Ken Niedziela is the editor of Today’s Veterinary Business. He is a longtime journalist and editor who started his professional career at The Blade newspaper in Toledo, Ohio, before he moved to Southern California for an array of assignments at The Orange County Register. He entered magazine journalism in 2008 with Veterinary Practice News and Pet Product News International. He joined the North American Veterinary Community in January 2017 to help launch Today’s Veterinary Business. The Rochester, New York, native earned his journalism degree from Michigan State University.Read Articles Written by Ken Niedziela
If you think corporations dominate the veterinary practice landscape, think again. In reality, multimillion-dollar (and multibillion-dollar) companies own about 20% of the estimated 35,000 U.S. clinics and perhaps half of the specialty practices. The percentages are growing, but not all that fast.
That’s one reason the Independent Veterinary Practitioners Association isn’t running scared but rather promoting the idea that a locally owned and operated practice can be a profitable and satisfying option for a veterinarian.
“It’s healthy to have a balanced ecosystem,” said Dr. Bonnie Bragdon, the co-founder of the 500-member IVPA and a former practice owner. “There are practices so big and so complex that it’s natural for a corporation to own them. But it’s also important for veterinarians, and even nurses, technicians and practice managers, to continue to own practices, because that keeps the profession competitive, viable, growing and thriving.”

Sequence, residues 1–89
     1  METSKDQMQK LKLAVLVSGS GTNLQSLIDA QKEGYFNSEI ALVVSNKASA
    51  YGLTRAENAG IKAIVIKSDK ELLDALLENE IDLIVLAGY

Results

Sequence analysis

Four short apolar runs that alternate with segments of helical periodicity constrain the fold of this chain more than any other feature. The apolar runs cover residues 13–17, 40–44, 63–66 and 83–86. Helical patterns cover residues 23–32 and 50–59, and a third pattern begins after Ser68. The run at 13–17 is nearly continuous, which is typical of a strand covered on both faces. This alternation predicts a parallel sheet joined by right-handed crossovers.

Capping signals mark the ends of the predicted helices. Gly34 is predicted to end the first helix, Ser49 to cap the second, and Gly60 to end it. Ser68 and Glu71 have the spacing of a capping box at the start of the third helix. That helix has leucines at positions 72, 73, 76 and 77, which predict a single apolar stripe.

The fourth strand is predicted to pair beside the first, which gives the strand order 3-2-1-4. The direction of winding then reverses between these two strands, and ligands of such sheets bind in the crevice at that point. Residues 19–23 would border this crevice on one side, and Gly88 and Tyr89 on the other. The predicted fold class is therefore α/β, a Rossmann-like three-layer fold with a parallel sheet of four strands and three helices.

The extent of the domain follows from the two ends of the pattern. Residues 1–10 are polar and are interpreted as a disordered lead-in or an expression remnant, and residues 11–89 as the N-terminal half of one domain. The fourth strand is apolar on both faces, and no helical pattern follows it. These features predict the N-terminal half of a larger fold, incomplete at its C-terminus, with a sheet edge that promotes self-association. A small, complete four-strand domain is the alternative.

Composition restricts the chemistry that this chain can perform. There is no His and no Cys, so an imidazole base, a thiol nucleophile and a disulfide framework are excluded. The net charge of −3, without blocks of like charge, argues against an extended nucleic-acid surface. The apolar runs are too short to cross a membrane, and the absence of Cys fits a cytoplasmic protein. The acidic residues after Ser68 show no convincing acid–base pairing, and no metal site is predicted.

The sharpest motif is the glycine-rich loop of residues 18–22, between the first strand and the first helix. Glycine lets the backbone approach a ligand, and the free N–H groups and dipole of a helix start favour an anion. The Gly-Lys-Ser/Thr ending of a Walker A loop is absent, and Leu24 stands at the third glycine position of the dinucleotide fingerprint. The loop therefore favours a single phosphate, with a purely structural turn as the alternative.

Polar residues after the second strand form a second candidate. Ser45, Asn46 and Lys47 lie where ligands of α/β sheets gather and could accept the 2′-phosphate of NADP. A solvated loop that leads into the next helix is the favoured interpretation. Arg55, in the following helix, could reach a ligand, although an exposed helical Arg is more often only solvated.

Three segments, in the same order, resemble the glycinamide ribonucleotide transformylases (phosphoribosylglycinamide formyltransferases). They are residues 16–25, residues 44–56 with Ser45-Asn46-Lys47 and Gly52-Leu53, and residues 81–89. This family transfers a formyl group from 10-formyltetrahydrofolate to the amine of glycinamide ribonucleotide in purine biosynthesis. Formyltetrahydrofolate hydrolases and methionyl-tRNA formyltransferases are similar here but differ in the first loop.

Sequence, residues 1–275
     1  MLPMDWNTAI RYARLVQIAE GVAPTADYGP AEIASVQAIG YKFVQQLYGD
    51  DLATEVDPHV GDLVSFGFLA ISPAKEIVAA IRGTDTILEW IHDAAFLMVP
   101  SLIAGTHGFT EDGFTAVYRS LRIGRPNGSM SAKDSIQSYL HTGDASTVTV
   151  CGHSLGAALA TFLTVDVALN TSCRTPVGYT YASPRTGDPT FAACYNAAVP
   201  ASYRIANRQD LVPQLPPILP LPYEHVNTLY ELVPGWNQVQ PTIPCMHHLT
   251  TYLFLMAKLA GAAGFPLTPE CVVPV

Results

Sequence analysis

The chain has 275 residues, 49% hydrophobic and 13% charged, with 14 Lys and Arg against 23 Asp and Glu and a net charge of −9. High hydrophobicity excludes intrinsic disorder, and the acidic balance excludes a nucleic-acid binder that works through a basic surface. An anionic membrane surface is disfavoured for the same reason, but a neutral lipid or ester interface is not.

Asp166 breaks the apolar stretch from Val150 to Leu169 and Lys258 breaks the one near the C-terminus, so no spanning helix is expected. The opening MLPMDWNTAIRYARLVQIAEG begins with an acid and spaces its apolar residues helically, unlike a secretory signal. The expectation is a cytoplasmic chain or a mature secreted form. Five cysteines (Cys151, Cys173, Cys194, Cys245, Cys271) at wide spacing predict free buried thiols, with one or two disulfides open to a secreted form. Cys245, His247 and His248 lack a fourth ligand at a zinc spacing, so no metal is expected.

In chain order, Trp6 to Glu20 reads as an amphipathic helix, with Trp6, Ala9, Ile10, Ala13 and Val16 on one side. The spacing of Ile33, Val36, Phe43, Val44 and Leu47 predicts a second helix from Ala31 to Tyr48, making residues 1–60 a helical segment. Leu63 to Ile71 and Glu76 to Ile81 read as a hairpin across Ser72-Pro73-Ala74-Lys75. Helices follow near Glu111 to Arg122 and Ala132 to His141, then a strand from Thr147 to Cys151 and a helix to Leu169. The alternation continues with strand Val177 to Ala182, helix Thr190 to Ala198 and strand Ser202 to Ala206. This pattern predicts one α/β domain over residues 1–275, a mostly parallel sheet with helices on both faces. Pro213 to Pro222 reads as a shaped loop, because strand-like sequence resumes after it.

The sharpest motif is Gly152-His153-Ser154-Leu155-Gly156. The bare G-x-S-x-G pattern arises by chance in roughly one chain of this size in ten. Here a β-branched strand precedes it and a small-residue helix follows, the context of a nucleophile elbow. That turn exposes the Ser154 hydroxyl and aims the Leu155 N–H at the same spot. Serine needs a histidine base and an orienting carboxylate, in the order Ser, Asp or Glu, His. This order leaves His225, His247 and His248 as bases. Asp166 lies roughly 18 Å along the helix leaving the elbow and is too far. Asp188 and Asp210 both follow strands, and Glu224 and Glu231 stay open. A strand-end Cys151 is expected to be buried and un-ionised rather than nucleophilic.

Independent practices enjoy two big advantages, Dr. Bragdon said. One is their ability to “form a very deep relationship with the customer and offer very personalized care,” she said. The other is that they represent choice.
“Consumers want to know whether the practice they visit is independently owned,” Dr. Bragdon said. “Just like they have a choice to go to Costco to buy their vegetables or go to the local farmers market, consumers want that choice.
“I don’t want choice to disappear. And I don’t want veterinarians, nurses, technicians and practice managers to lose the choice in where they work, how they practice and how they take care of themselves financially.”
At the same time, Dr. Bragdon understands the lure of a big payout.
“What I get sad about is when a practice sells simply because of the stress of running the practice. That is not a good reason to exit,” she said. “Also, there are times if you sell early to a corporation and are in your 40s or 50s and have another 20 or 30 years to work, you potentially are losing money. You’re going to have to become employed or buy another business.
“Now, if it’s the right time for you to exit, absolutely you should sell and get what you can financially. If your exit means you have to continue to work there, that should be factored into the purchase price.”